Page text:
Allegations fly at Kwantlen

Past and current student boards accuse one other of financial mismanagement.

The Kwantlen Student Association (KSA) says recent speculation and conflict of interest allegations leveled against it are an attempt by former student executives to divert attention from prior mismanagement of the KSA going as far back as 2002.

Last week, it was revealed that one of the newly elected members of the association, Justine Franson, is the sister of a former KSA member named in a 2008 lawsuit alleging theft and fraud involving thousands of dollars while he was in office. Because the new board changed lawyers – thereby putting the legal action on hold – critics have said Franson is in a conflict of interest because of her family ties to one of the defendants.

In a press release sent out late Friday, current members of the association said though they did fire lawyer David Borins, the legal counsel handling the lawsuit, shortly after taking office, but claims it was because he is a close friend of longtime former KSA general manager Desmond Rodenbour, who was terminated early this year. Although the lawyer has changed, the legal position regarding the 2008 lawsuit has not, said the student group.

The KSA said the conflict allegations against it are intended to divert attention from prior long-term financial fraud. Among other things, the association claims Rodenbour and former chairperson Laura Anderson had an intimate relationship that renders their decisions and spending of million of dollars of student fees questionable.

“These positions are central to the balance of power, ensuring checks and balances, and accountability. This is a clear form of corruption…” the KSA alleged in last week’s press release.

The executive has now hired Deloitte & Touche to conduct a forensic review of the society from 2001 to 2011 to highlight what the current student group calls past “fraud, embezzlement and mismanagement.”

Justine Franson was elected the KSA’s director of operations in the spring.

Aaron Takhar, her brother, was leader of the Reduce All Fees (RAF) party, which took power of the KSA in a controversial 2005 vote and then was subsequently ousted in a court-ordered election. Takhar, as well as former association president Danish Butt, Jaivin Khatri, Yasser Ahmad and Jatinder (Joey) Atwal were sued by the subsequent student executive. At the time, the plaintiffs said the focus of the lawsuit was Takhar, who was considered the leader of the group.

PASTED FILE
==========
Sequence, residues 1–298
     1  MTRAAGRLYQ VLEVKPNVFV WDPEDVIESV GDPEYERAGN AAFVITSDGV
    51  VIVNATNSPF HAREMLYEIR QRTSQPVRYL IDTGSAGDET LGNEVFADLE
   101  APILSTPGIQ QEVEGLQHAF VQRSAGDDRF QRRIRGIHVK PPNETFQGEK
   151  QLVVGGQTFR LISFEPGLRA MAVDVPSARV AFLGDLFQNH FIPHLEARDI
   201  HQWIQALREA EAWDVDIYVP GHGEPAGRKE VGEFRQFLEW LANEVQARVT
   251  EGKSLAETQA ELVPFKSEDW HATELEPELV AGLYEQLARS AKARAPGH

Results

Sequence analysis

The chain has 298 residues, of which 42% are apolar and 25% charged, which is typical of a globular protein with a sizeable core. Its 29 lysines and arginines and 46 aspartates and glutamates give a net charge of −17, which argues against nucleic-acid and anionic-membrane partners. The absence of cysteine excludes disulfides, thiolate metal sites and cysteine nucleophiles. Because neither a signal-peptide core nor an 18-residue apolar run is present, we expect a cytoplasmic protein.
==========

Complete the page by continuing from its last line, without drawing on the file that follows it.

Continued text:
The lawsuit stemmed from findings of financial audits in 2007 concluding there were thousands of dollars in mysterious loans, questionable investments and undocumented payments made to KSA executives and staff between December 2005 and November 2006.

None of the allegations have been proven in court.

Get local stories you won't find anywhere else right to your inbox.
Sign up here

Just Posted

Construction underway for new Cloverdale elementary school

The $33 million school is to seat 655 students

George Garrett retires from Volunteer Cancer Drivers Society board

Society completes more than 58,000 trips since 2016

B.C. families financially affected by pandemic eligible for grocery gift cards

Program open to struggling families in Lower Mainland and Fraser Valley communities

Two Surrey schools report COVID-19 exposures, including second contact for Panorama Ridge

Fraser Health has created a new webpage listing COVID-19 cases in schools

B.C. or Ontario? Residential school survivors fight move of court battle

It’s now up to Ontario’s Court of Appeal to sort out the venue question

B.C. transportation minister will not seek re-election

Claire Trevena has held the position since 2017

Young B.C. cancer survivor rides 105-km with Terry Fox’s brother

Jacob Bredenhof and Darrell Fox’s cycling trek raises almost $90,000 for cancer research

VIDEO: Shots fired outside Langley gas station that was scene of 2018 homicide

No reports of injuries in Saturday evening incident

B.C. migrant, undocumented workers rally for permanent residency program

Rally is part of the Amnesty for Undocumented Workers Campaign led by the Migrant Workers Centre

Is it time to start thinking about greener ways to package cannabis?

Packaging suppliers are still figuring eco-friendly and affordable packaging options that fit the mandates of Cannabis Regulations

Preparations underway for pandemic election in Saskatchewan and maybe B.C.

Administrators in B.C. and around the country are also looking to expand voting by mail during the pandemic

Nearly 20 per cent of COVID-19 infections among health-care workers by late July

WHO acknowledged the possibility that COVID-19 might be spread in the air under certain conditions

Ferry riders say lower fares are what’s most needed to improve service

Provincial government announces findings of public engagement process

Most Read